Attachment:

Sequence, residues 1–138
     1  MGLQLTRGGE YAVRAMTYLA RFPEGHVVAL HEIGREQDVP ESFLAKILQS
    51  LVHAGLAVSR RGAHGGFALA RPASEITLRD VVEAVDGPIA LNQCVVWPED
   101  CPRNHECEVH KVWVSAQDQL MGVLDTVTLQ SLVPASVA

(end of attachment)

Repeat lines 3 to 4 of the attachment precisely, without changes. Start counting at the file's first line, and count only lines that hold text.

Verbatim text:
    51  LVHAGLAVSR RGAHGGFALA RPASEITLRD VVEAVDGPIA LNQCVVWPED
   101  CPRNHECEVH KVWVSAQDQL MGVLDTVTLQ SLVPASVA